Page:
• Subcommittee ranking member John Lewis (D-GA): Eliminate the private debt collection program, which costs about three times more than it collects. Rep. Lewis also asked for better funding of the agency, improvements to the low-income taxpayer clinics, and oversight over paid-return preparers. 
  • Rep. Dave Schweikert (R-WA): Use third-party data verification to speed up refund processing, replacing algorithms, which encourage cybercriminals to design clever workarounds. 
  • Rep. Mike Bishop (R-MI): Find a way to assist the efforts of the IRS Security Summit – Rep. Bishop’s office is looking for a list of ideas that outline ways in which they might be helpful, absent legislation. 
  • Rep. Tom Reed (R-NY): Introduce a call-back feature for those who have limited access to IRS centers due to geographic location. 
  • Rep. LaHood (R-IL): Provide for free file permanence (H.R. 3641); and give the Taxpayer Advocate’s Office the necessary resources to ensure the IRS commissioner responds to taxpayer concerns in a timely manner. 
  • Rep. Jason Smith (R-MO):  Modify the IRS’s appeals procedures by restricting the agency’s authority to designate cases for litigation without permitting an appeal. (Preserving Taxpayers’ Rights Act - H.R. 3220).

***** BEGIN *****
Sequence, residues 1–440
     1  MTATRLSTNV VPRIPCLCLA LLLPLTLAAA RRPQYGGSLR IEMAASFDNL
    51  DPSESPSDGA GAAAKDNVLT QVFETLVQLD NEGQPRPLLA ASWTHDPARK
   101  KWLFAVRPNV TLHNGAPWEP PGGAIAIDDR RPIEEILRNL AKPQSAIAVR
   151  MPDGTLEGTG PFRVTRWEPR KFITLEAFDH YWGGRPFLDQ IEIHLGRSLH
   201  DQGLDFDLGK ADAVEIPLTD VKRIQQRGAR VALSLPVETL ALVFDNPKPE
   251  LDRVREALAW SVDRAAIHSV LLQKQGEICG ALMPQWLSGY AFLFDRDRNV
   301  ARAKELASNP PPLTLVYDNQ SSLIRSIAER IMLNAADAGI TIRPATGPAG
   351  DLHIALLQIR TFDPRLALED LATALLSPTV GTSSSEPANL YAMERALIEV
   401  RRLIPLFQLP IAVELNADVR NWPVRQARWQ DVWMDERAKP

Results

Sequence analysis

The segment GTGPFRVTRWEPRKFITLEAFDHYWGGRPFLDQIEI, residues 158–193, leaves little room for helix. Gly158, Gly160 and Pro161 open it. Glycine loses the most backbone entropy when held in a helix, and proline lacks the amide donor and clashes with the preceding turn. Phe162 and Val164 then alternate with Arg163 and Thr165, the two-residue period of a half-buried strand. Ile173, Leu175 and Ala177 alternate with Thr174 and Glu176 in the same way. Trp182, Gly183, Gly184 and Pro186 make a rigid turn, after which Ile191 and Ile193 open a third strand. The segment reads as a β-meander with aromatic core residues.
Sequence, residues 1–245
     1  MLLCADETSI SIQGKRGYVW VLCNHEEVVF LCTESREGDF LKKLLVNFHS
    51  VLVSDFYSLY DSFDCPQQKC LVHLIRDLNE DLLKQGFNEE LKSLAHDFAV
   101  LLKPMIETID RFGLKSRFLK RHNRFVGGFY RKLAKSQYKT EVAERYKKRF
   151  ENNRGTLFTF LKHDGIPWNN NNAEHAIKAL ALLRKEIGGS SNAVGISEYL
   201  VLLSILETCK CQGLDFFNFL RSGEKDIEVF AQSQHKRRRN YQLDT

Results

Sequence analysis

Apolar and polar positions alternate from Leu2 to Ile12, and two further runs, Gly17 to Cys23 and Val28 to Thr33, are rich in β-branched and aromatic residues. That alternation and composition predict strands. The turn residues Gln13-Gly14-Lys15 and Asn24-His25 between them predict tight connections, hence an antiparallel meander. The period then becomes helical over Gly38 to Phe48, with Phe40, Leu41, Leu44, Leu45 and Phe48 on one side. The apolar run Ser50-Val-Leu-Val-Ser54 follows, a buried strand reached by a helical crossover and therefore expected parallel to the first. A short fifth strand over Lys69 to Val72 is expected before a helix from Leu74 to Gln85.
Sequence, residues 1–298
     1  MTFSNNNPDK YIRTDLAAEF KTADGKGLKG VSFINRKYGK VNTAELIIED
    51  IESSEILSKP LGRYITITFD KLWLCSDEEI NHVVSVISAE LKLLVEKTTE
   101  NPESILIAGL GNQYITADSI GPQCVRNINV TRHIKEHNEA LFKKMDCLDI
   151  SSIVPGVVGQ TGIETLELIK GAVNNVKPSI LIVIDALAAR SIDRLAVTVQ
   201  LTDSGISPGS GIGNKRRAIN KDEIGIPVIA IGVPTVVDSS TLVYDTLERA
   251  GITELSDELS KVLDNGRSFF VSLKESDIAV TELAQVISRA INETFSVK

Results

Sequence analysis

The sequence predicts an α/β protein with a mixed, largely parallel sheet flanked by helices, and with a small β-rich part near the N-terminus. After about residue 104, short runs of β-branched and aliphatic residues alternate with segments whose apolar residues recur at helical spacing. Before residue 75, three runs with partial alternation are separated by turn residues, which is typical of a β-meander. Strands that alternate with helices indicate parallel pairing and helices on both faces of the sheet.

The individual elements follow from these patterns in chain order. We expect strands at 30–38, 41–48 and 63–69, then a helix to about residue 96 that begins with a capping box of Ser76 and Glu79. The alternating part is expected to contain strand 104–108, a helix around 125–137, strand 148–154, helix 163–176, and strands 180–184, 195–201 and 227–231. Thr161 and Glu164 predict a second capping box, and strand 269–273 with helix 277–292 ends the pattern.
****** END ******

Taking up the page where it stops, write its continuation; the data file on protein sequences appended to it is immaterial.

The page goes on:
• Rep. Jim Renacci (R-OH): Enact additional measures to prevent tax refund fraud, including the establishment of a centralized point of contact for victims of identity theft and a requirement that the IRS notify victims of identity theft. (Identity Refund Fraud Prevention Act of 2017 - H.R. 439). 
  • Rep. Tom Rice (R-SC): Require the IRS to provide uniform guidance on the use of electronic signatures, instead of antiquated “wet” signatures. (Electronic Signature Standards Act of 2017 - H.R. 3153). 
  • Rep. Bill Posey (R-FL): Provide simplified tax forms for individuals 65 and over. (Seniors’ Tax Simplification Act of 2017 - H.R. 2721). 


Treasury and IRS: More Guidance to Come. Speaking at a Practising Law Institute (PLI) conference, Dana Trier, deputy assistant secretary of tax policy, shed some light on forthcoming regulatory guidance. Trier said that the traditional route of proposing regulations is expected for the BEAT, GILTI, and net interest expense deduction provisions in the GOP tax law. 

He also added that regulations are forthcoming on the Section 199A pass-thru business income deduction, which will: 

  • outline what service income qualifies;
  • address how to treat two businesses operating within one entity; and
  • include guardrails for companies that try to reclassify employees as partners. 

No specific timeline for this guidance was provided, however.